Section archive - Learning Resources
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Use primary sources from the National Library of Israel to enrich your educational activities for Chanukah. Through these sources and accompanying lesson plans, students will discover a variety of Chanukah customs and explore how Jews at different times and in different places celebrated Chanukah.
Updated: Nov. 21, 2018
Sefaria is filled with resources to help you teach and celebrate Chanukah. Here are a few of our favorite source sheets and relevant texts from the library. Sefaria encourages you to add your teaching materials to Sefaria, make them public, and tag them for others to enjoy.
Updated: Nov. 21, 2018
The People’s Talmud is an innovate new repository of the Talmud and its wisdom, rendering the ancient text into concepts, cataloguing it all into searchable subjects, and connecting it to leading content providers. It transforms what is, for many, an obscure and indecipherable tome of arcane law and legends into an accessible and relevant source of knowledge and insight for anyone who cares to look inside. There are more than 7,000 content entries, 2,500 teasers, and 1,000 subject and category listings which bring to life the thousands of concepts discussed in the 2,711 folio pages of the Babylonian Talmud, all of which is searchable by topic or through a simple search window.
Updated: Nov. 07, 2018
This moment of change confronts us with a wide array of ethical questions: What does victim-centered justice look like? When is it appropriate to name names? How do those who have done wrong make restitution? How do institutions that have protected perpetrators make amends? Here, we curate ethical deliberations on these questions that have been written by victims, scholars, leaders, rabbis, journalists and community members. We call them “Crowdsourced Responsa,” a new form of Jewish ethical wisdom.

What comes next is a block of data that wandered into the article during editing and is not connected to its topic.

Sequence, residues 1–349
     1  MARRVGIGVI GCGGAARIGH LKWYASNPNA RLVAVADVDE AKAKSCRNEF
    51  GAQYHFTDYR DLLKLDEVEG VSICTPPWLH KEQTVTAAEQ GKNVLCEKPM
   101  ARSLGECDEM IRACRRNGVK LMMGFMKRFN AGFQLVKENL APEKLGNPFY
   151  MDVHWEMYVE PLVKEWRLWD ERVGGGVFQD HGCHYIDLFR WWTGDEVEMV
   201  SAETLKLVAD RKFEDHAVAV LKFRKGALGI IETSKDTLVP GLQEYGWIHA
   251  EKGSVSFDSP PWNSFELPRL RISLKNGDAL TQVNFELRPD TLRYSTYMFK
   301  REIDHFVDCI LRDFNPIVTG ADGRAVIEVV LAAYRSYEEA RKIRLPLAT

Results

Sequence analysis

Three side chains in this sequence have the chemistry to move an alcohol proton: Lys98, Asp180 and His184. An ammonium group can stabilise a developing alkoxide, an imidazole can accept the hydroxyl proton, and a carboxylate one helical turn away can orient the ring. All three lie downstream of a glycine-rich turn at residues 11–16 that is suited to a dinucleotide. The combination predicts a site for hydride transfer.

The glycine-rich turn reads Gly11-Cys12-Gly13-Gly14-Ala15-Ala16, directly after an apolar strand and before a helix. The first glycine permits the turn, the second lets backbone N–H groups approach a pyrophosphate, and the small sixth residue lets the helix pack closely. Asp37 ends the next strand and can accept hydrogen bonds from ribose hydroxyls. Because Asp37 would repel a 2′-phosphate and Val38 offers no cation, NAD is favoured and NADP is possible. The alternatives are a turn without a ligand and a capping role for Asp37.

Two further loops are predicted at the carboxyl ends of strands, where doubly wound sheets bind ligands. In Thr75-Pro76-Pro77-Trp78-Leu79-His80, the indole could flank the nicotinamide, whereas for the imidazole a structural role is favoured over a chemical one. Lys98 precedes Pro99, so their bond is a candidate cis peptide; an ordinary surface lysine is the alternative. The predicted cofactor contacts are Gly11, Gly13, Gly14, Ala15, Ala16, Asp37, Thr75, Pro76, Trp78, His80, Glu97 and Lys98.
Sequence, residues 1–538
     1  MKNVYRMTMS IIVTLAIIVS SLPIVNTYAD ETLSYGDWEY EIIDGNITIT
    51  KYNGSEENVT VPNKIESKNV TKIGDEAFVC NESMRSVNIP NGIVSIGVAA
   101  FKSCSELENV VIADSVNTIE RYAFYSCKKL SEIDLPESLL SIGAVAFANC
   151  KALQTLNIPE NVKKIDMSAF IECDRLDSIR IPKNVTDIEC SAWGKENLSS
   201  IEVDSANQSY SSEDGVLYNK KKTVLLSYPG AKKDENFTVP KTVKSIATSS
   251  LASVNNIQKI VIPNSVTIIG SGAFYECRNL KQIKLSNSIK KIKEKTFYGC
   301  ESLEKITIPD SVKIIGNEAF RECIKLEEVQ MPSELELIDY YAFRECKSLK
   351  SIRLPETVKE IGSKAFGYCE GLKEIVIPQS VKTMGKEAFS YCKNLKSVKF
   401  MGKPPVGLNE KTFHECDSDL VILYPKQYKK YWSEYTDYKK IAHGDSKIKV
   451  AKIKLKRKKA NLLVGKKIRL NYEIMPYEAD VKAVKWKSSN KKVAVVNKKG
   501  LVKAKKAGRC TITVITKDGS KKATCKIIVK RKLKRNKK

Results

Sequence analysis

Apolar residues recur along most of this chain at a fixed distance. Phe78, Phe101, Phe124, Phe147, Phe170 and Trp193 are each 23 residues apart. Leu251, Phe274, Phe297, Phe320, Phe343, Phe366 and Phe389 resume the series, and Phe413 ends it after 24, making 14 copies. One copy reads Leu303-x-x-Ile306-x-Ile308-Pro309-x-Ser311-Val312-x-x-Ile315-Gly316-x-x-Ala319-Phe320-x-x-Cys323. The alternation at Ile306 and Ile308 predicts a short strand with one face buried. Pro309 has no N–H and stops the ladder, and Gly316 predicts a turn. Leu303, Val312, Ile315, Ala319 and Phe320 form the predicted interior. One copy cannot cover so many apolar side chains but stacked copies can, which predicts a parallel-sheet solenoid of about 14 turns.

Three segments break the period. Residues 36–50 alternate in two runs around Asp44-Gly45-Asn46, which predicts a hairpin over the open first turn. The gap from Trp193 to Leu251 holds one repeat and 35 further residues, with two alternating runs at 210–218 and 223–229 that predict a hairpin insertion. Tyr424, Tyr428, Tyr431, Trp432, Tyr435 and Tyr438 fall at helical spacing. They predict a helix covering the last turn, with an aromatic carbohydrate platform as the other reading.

Updated: Oct. 07, 2018
Here at the Forward, we had a big dream. What if we could serve as a clearinghouse for basic information about synagogue life across this country, from older, established institutions to newer independent minyanim and spiritual communities? What if we could create a crowd-sourced compilation of data that will serve as a resource to readers nationwide and offer synagogues of all shapes, sizes and denominations a chance to share their story? And so, our ‘synagogue guide’ was born.
Updated: Oct. 07, 2018
The education department of the National Library of Israel is delighted to announce the launch of its new website. The website provides a large and diverse collection of primary sources from the collection of the National Library.
Updated: Oct. 04, 2018
The Pardes Institute of Jewish Studies Launches Online Tefilah Education Database for Jewish Educators
The Pardes Institute of Jewish Studies announces the launch of its Tefilah database for Jewish educators worldwide. The online database is a free resource under the umbrella of the Pardes Center for Jewish Educators. Through the Pardes Tefilah Education Initiative, day schools and other Jewish educational institutions will receive support and direction in the area of Tefilah (prayer).
Updated: Sep. 03, 2018
Many of you will be spending the month of Elul preparing yourselves spiritually, practically, and intellectually for the upcoming new year. Sefaria is here to help with a variety of texts, sheets, and other resources for you to explore.
Updated: Aug. 29, 2018
They are mitzvot we do multiple times a day, throughout the year, or perhaps just once in a lifetime: davening, learning the entire Tanach, paying a shivah call, settling in Eretz Yisrael . . . . Often we know exactly how to prepare ourselves for success. But other times we may freeze in the face of the new or unknown. And even amid routine practices, on occasion we find ourselves acting by rote, lacking a freshness in our spiritual lives. To help navigate such moments, Jewish Action asked seasoned teachers and experts for guidance on how to work toward mastery in ten different areas—and in the process, how to become better Jews. Here are their answers.
Updated: Jul. 11, 2018
Welcome to the June 2018 The Jewish Educator, containing artcles written by your colleagues. For this issue, we asked for articles on the following topics: 1. As we approach the High Holidays and new beginnings, share changes and exciting ideas you institute in your classroom, in your professional development, or in the climate of your school. 2. With today’s overprogrammed students and overcommitted families, share creative ways of keeping children, with the support of their families, in school and engaged in the learning process.
Updated: Jul. 04, 2018